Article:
They may be tiny but sesame seeds are a nutritional goldmine providing many essential nutrients, including calcium, magnesium, iron, zinc and copper. The seeds – and the tahini paste made from them and available in jars – are a great addition to almost any meal.
Sunflower seeds are an excellent source of vitamin E, an important antioxidant that helps neutralise free radicals – metabolism by-products that can damage our cells – and prevents cholesterol particles in the blood from oxidising.
With so many types of pumpkins, squashes and courgettes there’s a lot of choice but some varieties are very seasonal. As Halloween approaches, we’re used to seeing the bright orange ones in particular but how nutritious are they?
Any milk (plant or animal milk) is a very watery liquid, around 90 per cent is always water. Therefore, any amount of nutrients it contains is more or less diluted and any health effects depend on how much of it you drink.
Onions contain some mighty phytochemicals such as flavonoids – naturally occurring compounds that can trigger reactions in the human body that protect your health. Research on flavonoids has shown that they might help reduce the risk of cancer, Parkinson's disease, heart disease and stroke.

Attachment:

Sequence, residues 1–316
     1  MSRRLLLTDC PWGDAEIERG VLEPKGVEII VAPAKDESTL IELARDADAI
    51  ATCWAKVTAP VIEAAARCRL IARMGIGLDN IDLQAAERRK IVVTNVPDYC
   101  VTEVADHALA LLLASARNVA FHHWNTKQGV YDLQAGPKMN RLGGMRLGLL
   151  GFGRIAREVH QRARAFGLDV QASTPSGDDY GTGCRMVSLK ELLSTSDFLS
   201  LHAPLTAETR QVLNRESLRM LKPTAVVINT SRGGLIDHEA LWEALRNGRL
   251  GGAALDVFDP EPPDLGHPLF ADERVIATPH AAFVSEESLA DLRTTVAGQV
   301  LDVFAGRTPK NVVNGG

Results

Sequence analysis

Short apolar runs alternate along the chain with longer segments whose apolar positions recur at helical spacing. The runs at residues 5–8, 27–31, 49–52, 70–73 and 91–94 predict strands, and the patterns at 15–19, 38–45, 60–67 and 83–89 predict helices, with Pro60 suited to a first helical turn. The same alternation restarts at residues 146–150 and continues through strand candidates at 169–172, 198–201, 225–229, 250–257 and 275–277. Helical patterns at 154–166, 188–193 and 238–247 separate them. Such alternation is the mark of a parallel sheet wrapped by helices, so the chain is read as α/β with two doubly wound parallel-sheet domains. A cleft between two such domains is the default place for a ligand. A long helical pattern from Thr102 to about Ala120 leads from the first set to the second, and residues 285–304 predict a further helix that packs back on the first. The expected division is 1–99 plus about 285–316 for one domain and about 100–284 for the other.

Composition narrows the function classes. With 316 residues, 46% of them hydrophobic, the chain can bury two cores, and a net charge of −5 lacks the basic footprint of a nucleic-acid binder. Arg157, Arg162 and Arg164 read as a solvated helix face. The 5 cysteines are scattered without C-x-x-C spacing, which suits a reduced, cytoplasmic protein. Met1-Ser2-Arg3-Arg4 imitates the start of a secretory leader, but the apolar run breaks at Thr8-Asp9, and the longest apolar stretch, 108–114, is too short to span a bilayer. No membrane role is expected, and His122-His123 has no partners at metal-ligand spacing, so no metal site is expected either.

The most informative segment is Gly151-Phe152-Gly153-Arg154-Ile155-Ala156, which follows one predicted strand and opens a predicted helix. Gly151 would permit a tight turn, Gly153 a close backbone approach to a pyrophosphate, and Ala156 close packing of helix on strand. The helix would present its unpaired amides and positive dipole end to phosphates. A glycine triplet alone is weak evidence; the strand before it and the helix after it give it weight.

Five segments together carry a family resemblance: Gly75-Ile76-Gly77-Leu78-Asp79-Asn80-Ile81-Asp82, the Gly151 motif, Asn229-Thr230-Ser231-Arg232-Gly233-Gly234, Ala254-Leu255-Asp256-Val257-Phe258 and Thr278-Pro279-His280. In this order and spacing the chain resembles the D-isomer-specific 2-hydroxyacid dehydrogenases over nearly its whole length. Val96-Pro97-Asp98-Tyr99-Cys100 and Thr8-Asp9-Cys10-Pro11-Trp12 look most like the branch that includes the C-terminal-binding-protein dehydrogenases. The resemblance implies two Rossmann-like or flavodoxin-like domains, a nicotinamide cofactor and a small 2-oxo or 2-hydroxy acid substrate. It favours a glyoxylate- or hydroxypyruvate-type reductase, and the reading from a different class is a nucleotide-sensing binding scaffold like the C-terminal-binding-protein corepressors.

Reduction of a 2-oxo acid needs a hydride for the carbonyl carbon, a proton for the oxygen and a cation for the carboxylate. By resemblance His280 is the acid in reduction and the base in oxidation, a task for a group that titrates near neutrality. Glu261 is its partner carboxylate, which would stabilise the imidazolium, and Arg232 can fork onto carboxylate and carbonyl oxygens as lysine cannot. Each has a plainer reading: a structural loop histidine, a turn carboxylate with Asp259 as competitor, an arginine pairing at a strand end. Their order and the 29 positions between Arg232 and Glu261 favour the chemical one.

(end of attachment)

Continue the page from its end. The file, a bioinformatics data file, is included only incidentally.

Rapeseed plant belongs to the cruciferous family – together with broccoli, kale and cabbage – and is native to Europe, whch makes it sustainable and easy to grow in the UK. Rapeseed oil is different to canola oil widely available in Northern America.
Olive trees are thought to have originated in Greece or Syria but over the last millennia and more their cultivation has spread across the Mediterranean region, making olives and olive oil a staple of the local diets. The biggest European producers are Spain, Italy and Greece.